The declaration also proposes a global carbon taxation regime to be applied to fossil fuel trade, maritime transport and aviation, requesting that at least USD 100 billion in IMF special drawing rights (SDR) be directed to Africa. This call was echoed by the AU last weekend in India, where the AU was admitted as a permanent member of the G20.
With only 19 African heads of government in attendance at the Africa Climate Summit, the resolve of all AU member states to implement commitments made in Nairobi remains to be tested. So too does cohesion among African states in both prosecuting the call to action in the summit’s declaration, and mainstreaming adaptation into policy-making and planning.
De-risking climate investments
The success of Africa’s inaugural Climate Summit, which will now be a biennial event, hinges on moving from mere declarations to effective implementation. Track records of implementing AU declarations and delivering donor pledges of climate finance are not encouraging. African nations face significant challenges in achieving their climate financing targets, including reliance on developed countries to fulfil commitments, and the imperative to reduce the real and perceived risks that drive lack of private capital deployment at scale within African markets.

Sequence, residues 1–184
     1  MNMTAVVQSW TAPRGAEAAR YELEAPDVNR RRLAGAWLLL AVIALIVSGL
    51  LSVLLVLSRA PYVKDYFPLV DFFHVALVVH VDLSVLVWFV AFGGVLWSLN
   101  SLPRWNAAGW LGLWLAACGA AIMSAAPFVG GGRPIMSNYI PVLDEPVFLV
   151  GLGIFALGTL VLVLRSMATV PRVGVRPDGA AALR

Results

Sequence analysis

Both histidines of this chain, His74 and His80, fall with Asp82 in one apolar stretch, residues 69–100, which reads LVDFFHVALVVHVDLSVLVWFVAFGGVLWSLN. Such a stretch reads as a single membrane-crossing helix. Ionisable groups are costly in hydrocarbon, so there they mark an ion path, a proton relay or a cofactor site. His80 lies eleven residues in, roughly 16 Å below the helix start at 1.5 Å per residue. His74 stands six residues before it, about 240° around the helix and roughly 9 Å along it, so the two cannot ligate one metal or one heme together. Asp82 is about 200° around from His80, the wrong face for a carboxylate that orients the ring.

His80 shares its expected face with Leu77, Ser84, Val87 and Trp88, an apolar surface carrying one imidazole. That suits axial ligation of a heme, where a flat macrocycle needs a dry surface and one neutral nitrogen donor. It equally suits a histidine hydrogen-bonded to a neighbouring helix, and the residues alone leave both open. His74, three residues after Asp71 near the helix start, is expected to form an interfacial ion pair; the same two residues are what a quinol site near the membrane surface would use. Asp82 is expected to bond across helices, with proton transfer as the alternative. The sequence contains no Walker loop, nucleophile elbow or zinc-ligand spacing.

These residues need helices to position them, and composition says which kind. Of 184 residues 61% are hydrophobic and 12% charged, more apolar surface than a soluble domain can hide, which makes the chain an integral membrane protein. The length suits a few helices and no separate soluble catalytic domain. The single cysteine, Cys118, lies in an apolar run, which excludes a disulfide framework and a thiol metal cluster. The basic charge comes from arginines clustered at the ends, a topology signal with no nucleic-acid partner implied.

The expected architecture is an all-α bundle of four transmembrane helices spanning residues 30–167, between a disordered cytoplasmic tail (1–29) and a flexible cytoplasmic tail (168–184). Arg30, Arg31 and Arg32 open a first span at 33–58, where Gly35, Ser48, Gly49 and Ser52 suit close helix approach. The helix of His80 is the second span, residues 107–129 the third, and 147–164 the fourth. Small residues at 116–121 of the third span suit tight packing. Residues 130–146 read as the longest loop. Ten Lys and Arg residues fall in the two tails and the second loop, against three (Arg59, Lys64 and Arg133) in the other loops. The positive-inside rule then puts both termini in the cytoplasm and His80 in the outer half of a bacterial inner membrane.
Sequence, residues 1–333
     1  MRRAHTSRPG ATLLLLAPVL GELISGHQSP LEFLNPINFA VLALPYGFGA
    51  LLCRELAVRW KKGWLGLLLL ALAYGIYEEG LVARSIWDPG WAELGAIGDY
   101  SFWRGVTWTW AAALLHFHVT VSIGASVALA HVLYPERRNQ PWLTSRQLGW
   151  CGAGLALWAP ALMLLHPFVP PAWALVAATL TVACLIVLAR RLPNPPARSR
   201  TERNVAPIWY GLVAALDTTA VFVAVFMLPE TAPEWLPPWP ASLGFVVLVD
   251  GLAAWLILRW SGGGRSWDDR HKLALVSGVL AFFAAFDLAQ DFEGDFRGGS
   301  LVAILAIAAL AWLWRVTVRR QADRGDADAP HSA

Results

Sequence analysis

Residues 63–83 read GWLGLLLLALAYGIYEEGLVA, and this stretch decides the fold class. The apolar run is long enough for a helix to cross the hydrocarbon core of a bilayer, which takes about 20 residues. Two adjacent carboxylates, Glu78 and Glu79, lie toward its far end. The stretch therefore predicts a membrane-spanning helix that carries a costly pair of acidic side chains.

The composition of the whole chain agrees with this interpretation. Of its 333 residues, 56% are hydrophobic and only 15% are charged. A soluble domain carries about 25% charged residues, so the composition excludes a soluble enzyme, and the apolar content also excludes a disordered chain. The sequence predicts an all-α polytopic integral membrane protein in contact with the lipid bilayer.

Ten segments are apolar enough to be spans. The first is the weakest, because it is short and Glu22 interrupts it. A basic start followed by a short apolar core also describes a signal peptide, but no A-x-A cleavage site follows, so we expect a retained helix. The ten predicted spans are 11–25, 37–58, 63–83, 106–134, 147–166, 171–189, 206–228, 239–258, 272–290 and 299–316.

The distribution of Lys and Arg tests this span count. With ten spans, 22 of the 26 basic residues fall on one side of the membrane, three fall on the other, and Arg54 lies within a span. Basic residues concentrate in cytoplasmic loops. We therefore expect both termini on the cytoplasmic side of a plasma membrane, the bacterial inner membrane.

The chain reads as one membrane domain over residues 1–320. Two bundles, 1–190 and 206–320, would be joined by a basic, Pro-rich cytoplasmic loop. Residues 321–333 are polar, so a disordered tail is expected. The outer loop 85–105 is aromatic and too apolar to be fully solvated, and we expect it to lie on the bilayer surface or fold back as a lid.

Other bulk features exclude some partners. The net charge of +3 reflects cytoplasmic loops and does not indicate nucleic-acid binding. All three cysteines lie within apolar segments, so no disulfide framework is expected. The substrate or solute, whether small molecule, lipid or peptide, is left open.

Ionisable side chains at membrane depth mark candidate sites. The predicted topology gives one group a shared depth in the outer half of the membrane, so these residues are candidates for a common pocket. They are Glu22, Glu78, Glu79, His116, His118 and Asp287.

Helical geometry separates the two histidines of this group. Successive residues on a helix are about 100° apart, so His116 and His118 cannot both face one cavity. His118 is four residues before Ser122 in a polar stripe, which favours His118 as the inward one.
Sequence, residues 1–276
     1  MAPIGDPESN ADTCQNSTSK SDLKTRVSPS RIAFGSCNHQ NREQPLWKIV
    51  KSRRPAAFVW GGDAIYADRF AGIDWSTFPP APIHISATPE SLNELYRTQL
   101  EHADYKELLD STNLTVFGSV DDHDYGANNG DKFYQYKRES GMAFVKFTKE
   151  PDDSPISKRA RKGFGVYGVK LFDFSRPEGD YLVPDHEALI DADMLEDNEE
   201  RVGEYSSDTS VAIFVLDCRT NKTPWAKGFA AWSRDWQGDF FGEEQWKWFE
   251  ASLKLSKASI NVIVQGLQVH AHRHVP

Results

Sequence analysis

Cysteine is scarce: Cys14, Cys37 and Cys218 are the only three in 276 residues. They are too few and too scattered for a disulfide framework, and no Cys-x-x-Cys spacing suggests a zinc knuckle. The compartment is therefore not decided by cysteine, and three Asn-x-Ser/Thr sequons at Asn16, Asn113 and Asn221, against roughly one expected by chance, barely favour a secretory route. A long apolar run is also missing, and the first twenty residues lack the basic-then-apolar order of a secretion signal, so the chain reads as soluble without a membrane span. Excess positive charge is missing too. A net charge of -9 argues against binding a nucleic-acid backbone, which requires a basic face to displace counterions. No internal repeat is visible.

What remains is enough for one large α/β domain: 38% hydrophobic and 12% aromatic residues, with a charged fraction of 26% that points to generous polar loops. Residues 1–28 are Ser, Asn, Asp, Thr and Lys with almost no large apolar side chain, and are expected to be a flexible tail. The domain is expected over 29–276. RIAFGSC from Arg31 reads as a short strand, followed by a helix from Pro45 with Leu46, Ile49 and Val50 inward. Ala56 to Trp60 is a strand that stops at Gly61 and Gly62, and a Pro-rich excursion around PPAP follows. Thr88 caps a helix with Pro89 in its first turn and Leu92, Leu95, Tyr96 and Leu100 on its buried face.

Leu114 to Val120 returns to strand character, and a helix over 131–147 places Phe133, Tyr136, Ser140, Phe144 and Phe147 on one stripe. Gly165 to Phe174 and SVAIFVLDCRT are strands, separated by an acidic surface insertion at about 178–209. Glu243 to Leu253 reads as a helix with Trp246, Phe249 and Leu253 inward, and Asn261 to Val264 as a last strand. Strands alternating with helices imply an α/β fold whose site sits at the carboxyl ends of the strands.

To attract the billions of dollars of private climate finance needed to fund climate action, African governments must address the challenges that make investments in Africa’s green economy more expensive. This requires governments to be intentional about reducing real and perceived risks by:
- Bolstering relevant regulatory and legislative frameworks to provide greater clarity and transparency for investors. This includes developing clear and unambiguous taxonomies for climate-friendly investments.
- Ensuring policy stability to give investors confidence that their investments will not be undermined by future changes in policy.
- Streamlining processes for approving and implementing climate projects. This will make it easier and faster for investors to get projects off the ground.
- Offering incentives for strategic climate investments. This could include tax breaks, grants, or other forms of financial assistance.
- Leveraging pan-African institutions, such as the African Development Bank (AfDB), Afreximbank and the Africa Finance Corporation, when seeking to foster partnerships with global financial institutions and private sector entities that can facilitate and enhance access to both technical and financial resources.
In the race to combat climate change, there is no time to spare – coordination and resolve among African leaders and development partners are needed to realise a sustainable future for the continent and to transform our planet. The Nairobi Declaration provides a framework for achieving this.
About the Author
Agwu Ojowu is a Senior Consultant splitting his time between Abuja and Lagos, with a special focus on political economy and climate markets across sub-Saharan Africa. He can be reached at [email protected].